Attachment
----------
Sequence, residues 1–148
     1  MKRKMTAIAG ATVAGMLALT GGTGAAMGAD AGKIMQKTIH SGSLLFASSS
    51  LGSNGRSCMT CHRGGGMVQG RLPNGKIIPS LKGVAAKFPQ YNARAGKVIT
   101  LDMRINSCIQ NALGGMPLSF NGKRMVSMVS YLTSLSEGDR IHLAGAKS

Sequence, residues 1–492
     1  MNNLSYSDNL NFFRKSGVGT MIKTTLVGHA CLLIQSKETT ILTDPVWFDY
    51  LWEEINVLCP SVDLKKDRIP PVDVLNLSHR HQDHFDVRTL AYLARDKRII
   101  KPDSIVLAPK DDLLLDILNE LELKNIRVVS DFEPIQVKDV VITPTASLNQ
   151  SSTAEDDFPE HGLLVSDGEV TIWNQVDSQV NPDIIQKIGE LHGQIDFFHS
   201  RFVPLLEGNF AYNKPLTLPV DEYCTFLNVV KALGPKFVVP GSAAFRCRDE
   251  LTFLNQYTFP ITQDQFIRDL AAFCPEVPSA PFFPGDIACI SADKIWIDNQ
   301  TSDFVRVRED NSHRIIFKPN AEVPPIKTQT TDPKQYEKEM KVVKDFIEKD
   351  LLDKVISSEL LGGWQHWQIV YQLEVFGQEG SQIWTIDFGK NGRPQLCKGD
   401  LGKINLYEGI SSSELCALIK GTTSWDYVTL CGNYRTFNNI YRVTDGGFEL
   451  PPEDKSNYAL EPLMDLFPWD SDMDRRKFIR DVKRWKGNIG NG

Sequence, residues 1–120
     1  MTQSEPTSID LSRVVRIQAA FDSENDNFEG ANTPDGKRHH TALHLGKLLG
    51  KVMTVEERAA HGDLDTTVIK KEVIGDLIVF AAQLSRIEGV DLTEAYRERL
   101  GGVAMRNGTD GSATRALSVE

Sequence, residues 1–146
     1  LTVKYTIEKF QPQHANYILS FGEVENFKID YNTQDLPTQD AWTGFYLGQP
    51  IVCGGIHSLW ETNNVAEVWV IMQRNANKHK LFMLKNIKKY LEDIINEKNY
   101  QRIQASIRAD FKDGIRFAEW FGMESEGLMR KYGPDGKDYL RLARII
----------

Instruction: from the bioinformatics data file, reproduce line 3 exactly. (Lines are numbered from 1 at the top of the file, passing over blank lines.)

    51  LGSNGRSCMT CHRGGGMVQG RLPNGKIIPS LKGVAAKFPQ YNARAGKVIT